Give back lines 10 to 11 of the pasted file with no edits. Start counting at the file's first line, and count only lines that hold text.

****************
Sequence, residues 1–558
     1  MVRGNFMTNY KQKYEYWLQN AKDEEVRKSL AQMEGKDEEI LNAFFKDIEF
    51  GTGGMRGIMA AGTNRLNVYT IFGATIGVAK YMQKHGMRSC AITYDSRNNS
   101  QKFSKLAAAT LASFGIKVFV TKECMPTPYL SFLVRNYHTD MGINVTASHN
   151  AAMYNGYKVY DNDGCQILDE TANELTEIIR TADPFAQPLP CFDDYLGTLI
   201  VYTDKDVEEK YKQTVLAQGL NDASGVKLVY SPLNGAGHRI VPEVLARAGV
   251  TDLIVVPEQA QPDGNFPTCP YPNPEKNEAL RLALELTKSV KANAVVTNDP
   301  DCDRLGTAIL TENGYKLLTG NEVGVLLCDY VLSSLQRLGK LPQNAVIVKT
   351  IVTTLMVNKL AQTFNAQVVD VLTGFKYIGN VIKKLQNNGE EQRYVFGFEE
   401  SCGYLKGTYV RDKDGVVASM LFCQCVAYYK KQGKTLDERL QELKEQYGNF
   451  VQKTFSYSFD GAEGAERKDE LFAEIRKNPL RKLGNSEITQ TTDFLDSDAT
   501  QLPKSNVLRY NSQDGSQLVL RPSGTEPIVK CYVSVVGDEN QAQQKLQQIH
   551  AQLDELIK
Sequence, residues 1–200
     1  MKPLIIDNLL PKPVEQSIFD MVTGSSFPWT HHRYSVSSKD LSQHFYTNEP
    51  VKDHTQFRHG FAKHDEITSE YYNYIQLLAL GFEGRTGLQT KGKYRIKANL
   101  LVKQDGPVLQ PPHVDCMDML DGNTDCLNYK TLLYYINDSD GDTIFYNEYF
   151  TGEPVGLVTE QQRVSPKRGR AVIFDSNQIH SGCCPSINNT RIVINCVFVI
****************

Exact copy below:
   401  SCGYLKGTYV RDKDGVVASM LFCQCVAYYK KQGKTLDERL QELKEQYGNF
   451  VQKTFSYSFD GAEGAERKDE LFAEIRKNPL RKLGNSEITQ TTDFLDSDAT